Read full review

Stuart Kelly, The Scotsman

“Saunders’ previous collection, The Brief And Frightening Reign Of Phil, was a slight disappointment. Too often the conceits evaporated into whimsy, and the political dimension was too strident and obvious. It is therefore a pleasure to be able to say that Tenth Of December is a far stronger, and far more satisfying book.”

Read full review

David Wolf, The Guardian

“For all the successful stories, some of Tenth of December feels like it could have been lifted straight out of Saunders’s previous collections. Set in a medieval-themed amusement park, “My Chivalric Fiasco” is a little too close to the caveman- and civil war-themed amusement parks seen in his earlier work. The fake product names in “Escape from Spiderhead” (MobiPak™, ViviStif™, Darkenfloxx™) recall his other product names (I Can Speak™, Aurabon® etc). And for a writer with such a great ear, it’s a pity Saunders so often returns to characters with the same voice – the naive, slightly childish, slightly too literal guy who says things such as, “I knew Don Murray was her boss because Don Murray was also my boss” or “I could not help but wonder what tomorrow would bring”.”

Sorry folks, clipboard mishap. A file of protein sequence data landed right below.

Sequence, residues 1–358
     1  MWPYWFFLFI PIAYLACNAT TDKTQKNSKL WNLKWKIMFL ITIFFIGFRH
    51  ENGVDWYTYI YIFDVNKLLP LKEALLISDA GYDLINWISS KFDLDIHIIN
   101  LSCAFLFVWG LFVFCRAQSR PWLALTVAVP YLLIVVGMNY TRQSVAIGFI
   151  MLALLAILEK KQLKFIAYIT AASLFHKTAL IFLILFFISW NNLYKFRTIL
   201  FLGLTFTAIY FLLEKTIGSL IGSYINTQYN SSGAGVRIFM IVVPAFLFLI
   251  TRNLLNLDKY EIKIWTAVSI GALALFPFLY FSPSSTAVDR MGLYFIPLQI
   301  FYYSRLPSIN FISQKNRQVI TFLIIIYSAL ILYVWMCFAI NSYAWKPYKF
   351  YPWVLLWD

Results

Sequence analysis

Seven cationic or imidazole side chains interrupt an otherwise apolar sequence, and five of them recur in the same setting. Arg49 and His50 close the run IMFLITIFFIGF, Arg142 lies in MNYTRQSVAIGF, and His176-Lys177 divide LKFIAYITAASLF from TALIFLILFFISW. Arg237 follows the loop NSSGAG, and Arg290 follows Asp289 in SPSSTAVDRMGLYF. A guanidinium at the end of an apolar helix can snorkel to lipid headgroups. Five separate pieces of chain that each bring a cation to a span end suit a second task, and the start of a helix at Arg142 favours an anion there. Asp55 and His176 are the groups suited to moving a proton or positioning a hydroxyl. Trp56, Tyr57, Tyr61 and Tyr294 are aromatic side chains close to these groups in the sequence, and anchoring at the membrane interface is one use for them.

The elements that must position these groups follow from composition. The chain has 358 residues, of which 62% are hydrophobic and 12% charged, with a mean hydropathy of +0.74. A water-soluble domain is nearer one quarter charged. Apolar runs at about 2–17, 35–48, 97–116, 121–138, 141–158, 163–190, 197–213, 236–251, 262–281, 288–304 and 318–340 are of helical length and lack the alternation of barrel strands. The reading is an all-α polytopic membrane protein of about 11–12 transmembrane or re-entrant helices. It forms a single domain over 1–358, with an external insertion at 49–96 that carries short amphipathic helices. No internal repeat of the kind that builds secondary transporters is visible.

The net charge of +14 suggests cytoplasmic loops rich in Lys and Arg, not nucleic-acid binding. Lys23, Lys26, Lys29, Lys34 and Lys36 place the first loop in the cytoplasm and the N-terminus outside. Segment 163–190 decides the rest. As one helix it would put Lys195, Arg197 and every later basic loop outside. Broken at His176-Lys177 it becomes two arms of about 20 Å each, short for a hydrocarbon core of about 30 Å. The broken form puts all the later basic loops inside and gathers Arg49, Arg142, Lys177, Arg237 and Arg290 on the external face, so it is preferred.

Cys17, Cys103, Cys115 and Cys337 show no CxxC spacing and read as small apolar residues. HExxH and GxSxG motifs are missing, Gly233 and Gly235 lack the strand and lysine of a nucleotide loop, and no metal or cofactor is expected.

Read full review

Jonathan Barnes, Literary Review

“The most striking piece in his new book, Tenth of December (Bloomsbury 272pp £14.99), is a darkly playful science-fiction story, ‘Escape from Spiderhead’. It is set in a world, not far from our own, in which experimental drugs are tested on prisoners. The most potent of the medicaments simulate love, with ‘transcendently stupefying results’, while the worst of them summon the most terrible feelings of despair. Other entries are more traditional and the collection is enjoyably diverse”

Read full review

Christian Lorentzen, The London Review of Books

“Richly imagined dystopias, preposterous theme parks and sinister corporations were the stuff of Saunders’s first three collections. A lot of the pleasure was delivered in the form of exposition: elaborate descriptions of the workings of made-up institutions. The new stories give the impression of imagined worlds pared back until they’re not too different from our own, just a little uncanny. ”

Read full review

Buy the book

Amazon | Foyles | Hive | Waterstones

Share Button

Tags: , , , , , , , ,

Back to Top ↑